If our incoming class had any remaining dreams of "free time" after four days of orientation, the student health fair today has probably squashed them. Today during lunch, the M2s put on a Student Interest Group Fair to share with our newbies all of the opportunities that await them outside of the lecture hall. They bravely faced South Florida summer weather to spend an hour perusing the tables that we'd set up outside, finding out which organizations they were interested in joining (or at least which ones had the best candy). The M2s also had to float around quite a bit, since it appears that we all have pretty divided loyalties (or just a shared hatred of spare time):

Each of the organizations had a table set up. Many had posters, powerpoints, and other educational materials to provide to the first years:

The second year interest group members wore T-shirts indicating their interest group loyalties. Most of them also gave out candy. Team Peds got bonus points because they gave out candy while wearing T shirts that showed them giving out candy.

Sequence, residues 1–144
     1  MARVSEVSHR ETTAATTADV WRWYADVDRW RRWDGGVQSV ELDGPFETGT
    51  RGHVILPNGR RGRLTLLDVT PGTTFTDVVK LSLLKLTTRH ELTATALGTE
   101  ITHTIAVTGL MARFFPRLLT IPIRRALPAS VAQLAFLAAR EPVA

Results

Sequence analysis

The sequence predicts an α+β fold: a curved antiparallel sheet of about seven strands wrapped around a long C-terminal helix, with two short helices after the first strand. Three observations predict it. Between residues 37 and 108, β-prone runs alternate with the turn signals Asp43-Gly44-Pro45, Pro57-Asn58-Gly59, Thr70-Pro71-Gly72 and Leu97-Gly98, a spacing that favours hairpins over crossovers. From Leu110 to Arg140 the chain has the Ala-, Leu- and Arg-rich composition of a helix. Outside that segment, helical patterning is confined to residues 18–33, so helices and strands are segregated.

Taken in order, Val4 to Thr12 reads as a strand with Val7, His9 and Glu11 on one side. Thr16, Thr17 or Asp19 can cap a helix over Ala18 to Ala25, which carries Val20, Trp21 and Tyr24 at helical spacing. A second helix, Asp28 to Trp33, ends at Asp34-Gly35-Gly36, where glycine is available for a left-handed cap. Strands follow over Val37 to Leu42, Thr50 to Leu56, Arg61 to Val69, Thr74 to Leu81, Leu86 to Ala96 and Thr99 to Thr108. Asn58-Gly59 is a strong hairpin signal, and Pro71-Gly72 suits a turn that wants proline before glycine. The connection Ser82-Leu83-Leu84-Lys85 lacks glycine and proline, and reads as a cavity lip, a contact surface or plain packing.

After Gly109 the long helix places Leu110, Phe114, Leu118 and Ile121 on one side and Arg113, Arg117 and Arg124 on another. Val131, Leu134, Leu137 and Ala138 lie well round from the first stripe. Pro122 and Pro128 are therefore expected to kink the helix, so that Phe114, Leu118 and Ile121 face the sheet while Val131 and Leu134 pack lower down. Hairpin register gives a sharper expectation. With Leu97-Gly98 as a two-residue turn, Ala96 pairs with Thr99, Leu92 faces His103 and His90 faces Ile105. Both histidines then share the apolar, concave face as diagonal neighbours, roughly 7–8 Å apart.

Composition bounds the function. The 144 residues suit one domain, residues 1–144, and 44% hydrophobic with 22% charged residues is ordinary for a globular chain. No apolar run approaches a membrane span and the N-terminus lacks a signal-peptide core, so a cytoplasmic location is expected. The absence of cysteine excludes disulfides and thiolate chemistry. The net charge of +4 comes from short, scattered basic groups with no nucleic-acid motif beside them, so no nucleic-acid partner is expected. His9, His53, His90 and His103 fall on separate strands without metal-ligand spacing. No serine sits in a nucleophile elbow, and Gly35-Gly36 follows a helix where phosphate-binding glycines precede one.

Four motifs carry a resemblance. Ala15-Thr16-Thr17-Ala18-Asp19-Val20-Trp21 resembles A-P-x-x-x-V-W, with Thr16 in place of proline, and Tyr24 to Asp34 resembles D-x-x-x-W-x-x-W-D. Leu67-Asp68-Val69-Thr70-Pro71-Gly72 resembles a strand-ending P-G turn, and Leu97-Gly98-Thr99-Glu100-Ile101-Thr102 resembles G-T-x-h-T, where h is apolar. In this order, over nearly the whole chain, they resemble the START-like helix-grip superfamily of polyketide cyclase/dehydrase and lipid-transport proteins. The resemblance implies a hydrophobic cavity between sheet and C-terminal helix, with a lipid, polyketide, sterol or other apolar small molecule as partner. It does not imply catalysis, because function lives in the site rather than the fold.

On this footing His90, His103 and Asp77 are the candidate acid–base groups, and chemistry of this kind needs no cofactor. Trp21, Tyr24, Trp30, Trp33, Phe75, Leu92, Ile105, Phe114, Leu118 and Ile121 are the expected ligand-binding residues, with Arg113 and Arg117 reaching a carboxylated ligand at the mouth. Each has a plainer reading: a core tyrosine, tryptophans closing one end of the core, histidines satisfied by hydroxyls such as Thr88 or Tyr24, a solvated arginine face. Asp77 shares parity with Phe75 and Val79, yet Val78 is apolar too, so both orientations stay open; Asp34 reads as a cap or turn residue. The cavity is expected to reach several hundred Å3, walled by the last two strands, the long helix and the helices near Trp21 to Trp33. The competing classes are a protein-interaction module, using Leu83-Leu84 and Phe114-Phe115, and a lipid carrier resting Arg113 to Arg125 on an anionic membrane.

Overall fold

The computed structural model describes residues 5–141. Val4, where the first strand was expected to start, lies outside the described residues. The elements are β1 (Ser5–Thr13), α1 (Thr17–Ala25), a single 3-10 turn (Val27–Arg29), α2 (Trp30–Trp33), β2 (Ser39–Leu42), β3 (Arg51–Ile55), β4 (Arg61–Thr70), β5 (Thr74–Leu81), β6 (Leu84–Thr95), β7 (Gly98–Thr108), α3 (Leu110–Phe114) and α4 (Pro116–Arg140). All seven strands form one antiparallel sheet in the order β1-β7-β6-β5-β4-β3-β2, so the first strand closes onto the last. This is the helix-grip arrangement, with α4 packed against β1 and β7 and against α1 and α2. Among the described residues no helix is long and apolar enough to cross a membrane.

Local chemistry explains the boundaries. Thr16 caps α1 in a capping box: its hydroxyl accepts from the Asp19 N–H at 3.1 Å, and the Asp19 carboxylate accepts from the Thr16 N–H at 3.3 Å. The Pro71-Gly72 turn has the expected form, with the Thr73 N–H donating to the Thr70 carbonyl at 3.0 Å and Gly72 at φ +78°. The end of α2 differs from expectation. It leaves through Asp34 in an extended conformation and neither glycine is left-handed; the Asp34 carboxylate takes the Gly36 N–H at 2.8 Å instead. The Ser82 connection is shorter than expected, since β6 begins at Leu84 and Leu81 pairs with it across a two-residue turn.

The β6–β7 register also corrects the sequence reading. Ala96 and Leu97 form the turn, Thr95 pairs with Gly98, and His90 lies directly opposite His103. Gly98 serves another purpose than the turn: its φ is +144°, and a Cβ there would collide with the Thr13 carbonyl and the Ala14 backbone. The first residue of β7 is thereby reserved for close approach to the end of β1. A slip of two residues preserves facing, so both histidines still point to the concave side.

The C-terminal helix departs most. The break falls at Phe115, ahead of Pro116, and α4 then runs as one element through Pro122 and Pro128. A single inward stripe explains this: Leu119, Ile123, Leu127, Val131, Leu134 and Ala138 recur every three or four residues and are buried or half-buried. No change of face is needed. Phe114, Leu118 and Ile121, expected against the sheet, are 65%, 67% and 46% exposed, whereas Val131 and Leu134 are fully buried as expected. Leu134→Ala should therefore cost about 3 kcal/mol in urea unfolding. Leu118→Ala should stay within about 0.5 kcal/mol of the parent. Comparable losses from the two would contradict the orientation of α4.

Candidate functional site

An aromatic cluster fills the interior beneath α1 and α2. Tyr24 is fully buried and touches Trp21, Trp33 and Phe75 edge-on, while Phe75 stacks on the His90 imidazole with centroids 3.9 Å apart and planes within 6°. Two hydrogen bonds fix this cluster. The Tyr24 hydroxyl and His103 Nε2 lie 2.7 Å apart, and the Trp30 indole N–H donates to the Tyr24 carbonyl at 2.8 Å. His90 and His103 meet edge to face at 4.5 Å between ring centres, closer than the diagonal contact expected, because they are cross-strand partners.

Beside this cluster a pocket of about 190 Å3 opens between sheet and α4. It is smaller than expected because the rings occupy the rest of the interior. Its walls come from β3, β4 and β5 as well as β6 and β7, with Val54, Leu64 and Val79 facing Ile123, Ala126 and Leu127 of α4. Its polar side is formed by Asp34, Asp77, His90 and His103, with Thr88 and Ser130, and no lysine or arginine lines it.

In an effort to limit how many of our classmates develop diabetes, Internal Medicine gave out candy only to the one person who could correctly guess how many M&Ms were in the jar.

Global Health displayed evidence that its members had the best summer experiences.

And Medical Spanish demonstrated that language ability is probably encoded pretty close to whatever gene controls button-making skill.

Meanwhile, HealthC.A.R.E. stirred up excitement for our upcoming Health Fair!

Of course, HUGE thanks are in order to those who made the Student Interest Group Fair (and student interest groups) possible: